Gov. Holcomb Speaks on Mine Closures in Indiana

“As we look to the continued closure of mines across the state of Indiana, we have families where this is the largest employer in their community and they are struggling to make it. How do you ensure Hoosier families, mining families aren’t getting left behind as we push towards clean energy?” Hartman asked Gov. Holcomb.

“This is not just a discussion about coal versus gas,” the governor began. “It is a market place decision that is being made in some respect; or wind, or solar. I am more concerned about reliability and cost for the ratepayer, both the homeowner and the business and making sure we do have all the above approach.

“If a business goes out of business for whatever reason, it is incumbent on us, the Department of Workforce Development, etc. to start to help people get connected to the skills they need to fill another job,” Gov. Holcomb said. “There are about 92,000 unfilled, high-wage, high demand jobs in the state.”

“I Indiana, we have the resource through Ivy Tech, through Vincennes University which is in most Hoosier’s backyards not too far away,” said Gov. Holcomb addressing the need for new job training for some industry workers.

“The state of Indiana will pay for that retraining. If you put the time in, we will pay for the training. You will get a credential or certificate and we will get you back on your feet and headed in the right direction for the future and future demands,” said Gov. Holcomb.

Holcomb Talks Healthcare and How Costs Are Affecting Hoosier Families

“The cost of health care. Whether it be stepping into an emergency room, a doctor’s visit or prescription drugs is crippling Hoosier families,” said Hartman. “They are having to decide between putting food on the table and maybe that lifesaving drug. How does the state step in to regulate the industry? What can you do?”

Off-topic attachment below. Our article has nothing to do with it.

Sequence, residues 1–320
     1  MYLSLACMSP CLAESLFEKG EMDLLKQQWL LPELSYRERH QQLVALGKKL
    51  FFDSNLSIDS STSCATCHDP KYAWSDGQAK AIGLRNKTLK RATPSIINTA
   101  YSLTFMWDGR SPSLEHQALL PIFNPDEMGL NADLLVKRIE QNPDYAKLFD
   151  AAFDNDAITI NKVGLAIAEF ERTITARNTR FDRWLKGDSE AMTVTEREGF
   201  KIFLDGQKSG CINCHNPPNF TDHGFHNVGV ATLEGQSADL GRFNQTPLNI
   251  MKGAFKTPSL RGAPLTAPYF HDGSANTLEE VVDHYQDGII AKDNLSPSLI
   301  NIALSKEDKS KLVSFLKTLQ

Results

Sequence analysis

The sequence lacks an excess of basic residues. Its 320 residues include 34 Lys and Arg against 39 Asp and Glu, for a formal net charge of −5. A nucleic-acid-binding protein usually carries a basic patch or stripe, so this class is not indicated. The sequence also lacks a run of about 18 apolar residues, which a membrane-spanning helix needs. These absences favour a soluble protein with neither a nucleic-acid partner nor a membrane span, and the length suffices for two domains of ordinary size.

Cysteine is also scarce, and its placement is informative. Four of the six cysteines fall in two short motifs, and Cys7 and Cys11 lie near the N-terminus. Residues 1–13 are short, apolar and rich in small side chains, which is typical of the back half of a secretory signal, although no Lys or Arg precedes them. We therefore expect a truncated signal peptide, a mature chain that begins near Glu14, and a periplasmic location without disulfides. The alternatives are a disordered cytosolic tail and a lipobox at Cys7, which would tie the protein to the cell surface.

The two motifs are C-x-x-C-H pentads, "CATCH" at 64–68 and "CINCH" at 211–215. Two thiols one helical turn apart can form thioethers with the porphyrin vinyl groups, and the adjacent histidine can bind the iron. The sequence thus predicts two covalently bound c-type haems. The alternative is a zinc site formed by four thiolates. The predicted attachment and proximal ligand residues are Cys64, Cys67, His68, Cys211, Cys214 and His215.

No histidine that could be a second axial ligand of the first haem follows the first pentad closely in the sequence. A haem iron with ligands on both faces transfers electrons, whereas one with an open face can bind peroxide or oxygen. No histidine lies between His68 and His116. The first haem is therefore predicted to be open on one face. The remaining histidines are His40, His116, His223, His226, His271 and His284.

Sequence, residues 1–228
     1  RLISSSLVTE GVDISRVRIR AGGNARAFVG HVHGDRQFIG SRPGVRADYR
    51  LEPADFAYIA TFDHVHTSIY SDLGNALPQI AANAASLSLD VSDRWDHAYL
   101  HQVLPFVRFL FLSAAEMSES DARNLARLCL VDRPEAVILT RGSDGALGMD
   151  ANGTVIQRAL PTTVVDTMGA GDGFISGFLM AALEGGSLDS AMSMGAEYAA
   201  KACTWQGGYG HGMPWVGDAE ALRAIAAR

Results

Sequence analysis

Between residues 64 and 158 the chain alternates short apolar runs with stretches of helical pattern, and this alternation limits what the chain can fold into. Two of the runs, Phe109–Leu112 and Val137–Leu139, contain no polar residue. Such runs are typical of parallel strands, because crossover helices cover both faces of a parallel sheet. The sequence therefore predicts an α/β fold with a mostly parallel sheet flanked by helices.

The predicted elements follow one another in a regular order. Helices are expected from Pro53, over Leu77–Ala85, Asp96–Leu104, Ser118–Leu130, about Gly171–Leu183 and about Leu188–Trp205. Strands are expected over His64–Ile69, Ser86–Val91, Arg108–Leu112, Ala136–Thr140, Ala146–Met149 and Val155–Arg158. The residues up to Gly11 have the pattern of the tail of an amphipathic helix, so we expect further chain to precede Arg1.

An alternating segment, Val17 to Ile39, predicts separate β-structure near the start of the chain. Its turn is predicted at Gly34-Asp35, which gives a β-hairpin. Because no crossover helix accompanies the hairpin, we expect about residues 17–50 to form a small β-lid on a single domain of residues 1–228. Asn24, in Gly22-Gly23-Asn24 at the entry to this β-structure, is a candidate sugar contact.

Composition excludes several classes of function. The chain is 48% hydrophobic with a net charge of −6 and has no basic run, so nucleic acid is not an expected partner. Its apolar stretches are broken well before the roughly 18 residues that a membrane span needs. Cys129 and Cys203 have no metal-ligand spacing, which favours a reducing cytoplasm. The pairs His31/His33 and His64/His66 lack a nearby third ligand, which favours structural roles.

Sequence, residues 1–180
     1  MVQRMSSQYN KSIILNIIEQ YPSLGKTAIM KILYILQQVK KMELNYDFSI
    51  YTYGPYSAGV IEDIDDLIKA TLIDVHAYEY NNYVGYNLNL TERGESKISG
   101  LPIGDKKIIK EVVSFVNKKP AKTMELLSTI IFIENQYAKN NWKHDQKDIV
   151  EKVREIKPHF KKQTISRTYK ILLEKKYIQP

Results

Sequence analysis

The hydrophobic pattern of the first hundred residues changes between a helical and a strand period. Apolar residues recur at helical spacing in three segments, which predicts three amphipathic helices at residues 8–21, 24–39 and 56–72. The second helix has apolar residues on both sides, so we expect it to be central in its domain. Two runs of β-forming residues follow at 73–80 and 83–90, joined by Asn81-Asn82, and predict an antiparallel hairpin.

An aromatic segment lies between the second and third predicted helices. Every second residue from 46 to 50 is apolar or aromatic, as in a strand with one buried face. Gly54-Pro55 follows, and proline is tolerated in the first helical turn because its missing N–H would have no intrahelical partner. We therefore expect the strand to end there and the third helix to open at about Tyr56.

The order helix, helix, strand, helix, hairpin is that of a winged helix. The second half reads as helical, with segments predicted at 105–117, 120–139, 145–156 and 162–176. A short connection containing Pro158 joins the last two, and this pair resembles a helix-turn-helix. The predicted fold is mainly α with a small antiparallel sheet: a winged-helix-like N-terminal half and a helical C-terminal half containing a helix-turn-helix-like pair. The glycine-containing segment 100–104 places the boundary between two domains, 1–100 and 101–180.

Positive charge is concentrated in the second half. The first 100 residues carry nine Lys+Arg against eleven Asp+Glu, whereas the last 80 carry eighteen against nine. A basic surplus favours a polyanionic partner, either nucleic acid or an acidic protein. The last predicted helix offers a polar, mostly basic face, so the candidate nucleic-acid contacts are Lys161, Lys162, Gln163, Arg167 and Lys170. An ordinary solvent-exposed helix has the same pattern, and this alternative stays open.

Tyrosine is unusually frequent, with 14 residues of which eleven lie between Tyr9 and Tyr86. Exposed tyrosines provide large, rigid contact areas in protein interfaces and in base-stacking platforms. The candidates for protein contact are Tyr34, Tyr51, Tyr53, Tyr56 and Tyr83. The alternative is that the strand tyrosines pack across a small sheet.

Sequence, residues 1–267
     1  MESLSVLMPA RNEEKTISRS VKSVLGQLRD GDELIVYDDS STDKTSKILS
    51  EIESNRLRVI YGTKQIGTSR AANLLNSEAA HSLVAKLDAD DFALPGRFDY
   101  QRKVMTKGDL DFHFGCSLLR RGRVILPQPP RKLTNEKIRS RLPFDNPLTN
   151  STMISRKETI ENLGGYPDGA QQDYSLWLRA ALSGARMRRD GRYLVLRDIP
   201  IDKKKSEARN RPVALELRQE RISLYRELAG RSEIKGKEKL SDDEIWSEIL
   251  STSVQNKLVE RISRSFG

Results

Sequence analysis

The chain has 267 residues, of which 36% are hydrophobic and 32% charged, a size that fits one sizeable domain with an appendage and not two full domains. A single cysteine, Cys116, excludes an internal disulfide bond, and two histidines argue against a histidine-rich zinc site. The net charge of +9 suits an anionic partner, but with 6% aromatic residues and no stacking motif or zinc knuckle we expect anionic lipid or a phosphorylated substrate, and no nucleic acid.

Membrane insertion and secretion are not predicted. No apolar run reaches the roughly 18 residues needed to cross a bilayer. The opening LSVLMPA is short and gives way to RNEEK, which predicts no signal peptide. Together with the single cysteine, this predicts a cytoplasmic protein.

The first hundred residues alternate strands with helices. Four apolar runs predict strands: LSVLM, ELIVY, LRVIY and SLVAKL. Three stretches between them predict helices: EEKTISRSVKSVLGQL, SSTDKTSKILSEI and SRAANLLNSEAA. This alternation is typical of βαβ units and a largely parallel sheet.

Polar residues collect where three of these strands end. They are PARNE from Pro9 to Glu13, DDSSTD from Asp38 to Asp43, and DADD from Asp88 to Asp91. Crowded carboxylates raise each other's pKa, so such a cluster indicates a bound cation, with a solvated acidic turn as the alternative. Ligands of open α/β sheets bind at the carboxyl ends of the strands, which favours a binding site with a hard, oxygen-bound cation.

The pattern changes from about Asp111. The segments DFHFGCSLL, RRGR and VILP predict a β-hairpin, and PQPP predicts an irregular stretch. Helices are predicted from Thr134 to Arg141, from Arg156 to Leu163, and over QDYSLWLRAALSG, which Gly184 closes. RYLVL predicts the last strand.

“We do have a hybrid health care plan here, HIP 2.0 that is primarily targeted for folks that you just described,” responded Governor Holcomb. “It was set up, designed to not be a permanent landing spot for folks’ insurance, but a temporary one. Meaning, once you get attached to permanent insurance then you are off on your way.

But also, this may sound simplistic, but also the key is to get those very same folks attached to a skill set that will fill the jobs that are all around them,” continued Gov. Holcomb. “I mentioned that 92,000. Right now, you can go to an ICC App, Indiana Career Connections app, and you can see all 92,000 jobs and where they are, how much they pay, what the prerequisites are before you even interview.

Governor Holcomb says getting Hoosiers into high-paying jobs will help curb the number of people without proper health care coverage.

Hartman followed that up, by asking, “What about people with conditions like diabetes? The cost of that insulin drug just keeps going up even with insurance.

“We are putting an emphasis on how can we make sure we are being transparent, that we have a database that shows, what costs, wherein the state of Indiana. replied Gov. Holcom. “That is a step in the right direction.”

However, the Indiana Governor admits the high costs of health care is not an issue that can be solved overnight or one that is unique to Hoosiers.